New Jersey’s Paid Sick Leave Act will go into effect on October 29, 2018, making it the tenth state plus Washington DC and dozens of localities to mandate paid sick leave. New Jersey’s Act requires employers of all sizes to provide employees with up to 40 hours of paid leave per 12-month period. 
Continue Reading

Recently the National Labor Relations Board invited interested parties and amici to submit briefs in Velox Express, Inc. to address under what circumstances, if any, the Board should deem an employer’s misclassifying statutory employees as independent contractors constitutes a violation of Section 8(a)(1) of the National Labor Relations Act.  Briefs from parties and interested amici must be submitted on or before April 16, 2018.
Continue Reading

We previously informed you of the NLRB’s decision in Hy-Brand Industrial Contractors, Ltd. and Brandt Construction Co. in which the Board  overruled the controversial joint employer test which it had announced in Browning-Ferris Industries. On February 26, 2018, the Board entered an order vacating the Hy-Brand decision.  It did so in light of a determination by the Board’s Designated Agency Ethics Official, that Board Member William Emanuel “is, and should have been, disqualified from participating in the [Hy-Brand] proceeding.”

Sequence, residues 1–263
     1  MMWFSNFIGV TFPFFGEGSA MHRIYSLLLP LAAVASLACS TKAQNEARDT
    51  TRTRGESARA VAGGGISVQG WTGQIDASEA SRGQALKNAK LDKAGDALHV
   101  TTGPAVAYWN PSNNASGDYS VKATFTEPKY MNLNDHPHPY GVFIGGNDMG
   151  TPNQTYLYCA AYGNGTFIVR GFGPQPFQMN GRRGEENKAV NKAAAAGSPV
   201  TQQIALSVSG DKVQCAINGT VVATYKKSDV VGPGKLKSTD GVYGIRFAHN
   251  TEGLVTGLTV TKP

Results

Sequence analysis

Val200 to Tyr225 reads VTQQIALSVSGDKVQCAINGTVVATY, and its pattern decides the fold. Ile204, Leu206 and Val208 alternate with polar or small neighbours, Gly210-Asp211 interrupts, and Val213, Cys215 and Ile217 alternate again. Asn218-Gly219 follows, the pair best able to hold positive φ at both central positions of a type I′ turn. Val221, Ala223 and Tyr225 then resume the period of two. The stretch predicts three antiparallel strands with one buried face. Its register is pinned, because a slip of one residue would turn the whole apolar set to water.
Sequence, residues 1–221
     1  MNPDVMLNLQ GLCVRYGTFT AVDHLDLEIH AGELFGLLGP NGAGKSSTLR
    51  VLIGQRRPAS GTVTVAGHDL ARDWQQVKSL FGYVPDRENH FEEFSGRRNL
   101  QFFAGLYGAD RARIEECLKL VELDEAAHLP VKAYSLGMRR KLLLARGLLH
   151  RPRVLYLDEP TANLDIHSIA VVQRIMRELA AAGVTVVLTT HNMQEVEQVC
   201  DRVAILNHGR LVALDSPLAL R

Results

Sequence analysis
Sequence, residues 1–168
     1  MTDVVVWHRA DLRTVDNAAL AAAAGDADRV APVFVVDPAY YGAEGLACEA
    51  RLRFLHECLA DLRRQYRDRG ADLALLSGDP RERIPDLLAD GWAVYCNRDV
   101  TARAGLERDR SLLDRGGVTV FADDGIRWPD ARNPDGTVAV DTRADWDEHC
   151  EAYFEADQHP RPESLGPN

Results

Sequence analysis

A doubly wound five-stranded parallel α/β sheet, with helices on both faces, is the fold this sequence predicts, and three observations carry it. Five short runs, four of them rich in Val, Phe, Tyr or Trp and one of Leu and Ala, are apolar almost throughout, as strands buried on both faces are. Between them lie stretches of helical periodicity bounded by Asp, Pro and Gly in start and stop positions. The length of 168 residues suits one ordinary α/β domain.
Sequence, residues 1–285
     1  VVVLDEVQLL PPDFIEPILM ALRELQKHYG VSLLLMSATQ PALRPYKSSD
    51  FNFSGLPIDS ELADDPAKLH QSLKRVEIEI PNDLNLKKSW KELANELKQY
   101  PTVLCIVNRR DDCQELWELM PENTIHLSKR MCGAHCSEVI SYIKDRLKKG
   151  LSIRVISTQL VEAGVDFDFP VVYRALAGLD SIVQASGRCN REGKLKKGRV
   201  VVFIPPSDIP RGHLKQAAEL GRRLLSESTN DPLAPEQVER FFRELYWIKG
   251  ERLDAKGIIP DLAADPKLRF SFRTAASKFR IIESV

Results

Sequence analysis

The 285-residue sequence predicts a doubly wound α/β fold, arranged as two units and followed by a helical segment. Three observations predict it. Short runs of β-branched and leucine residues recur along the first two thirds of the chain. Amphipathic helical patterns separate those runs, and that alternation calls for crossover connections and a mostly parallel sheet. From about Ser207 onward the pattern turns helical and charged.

Continue Reading

Across the country, worker misclassification issues continue to be a significant risk for employers. One hot button issue is whether workers in newer, technology-based industries, such as ride-sharing, are properly classified as independent contractors rather than employees. Last week, an appellate court in Florida considered whether Uber drivers are properly classified as independent contractors or employees for purposes of benefits under Florida’s unemployment insurance statute.
Continue Reading

Recently, the federal government has highlighted the issue of religious discrimination and accommodation in the workplace. Given the diversity of most workplaces, especially retailers, employers should be particularly sensitive to the potential risks of religious discrimination and harassment claims, as well as its obligations to accommodate reasonable religious-based requests for workplace changes.
Continue Reading

We previously have discussed that, as expected, the implementation of the NLRB’s ambush election rules in April 2015 considerably shortened the average time between the date of a petition being filed by a union and the date of election. This change substantially impacts the employer’s ability to conduct an effective campaign in the event of a union petition.
Continue Reading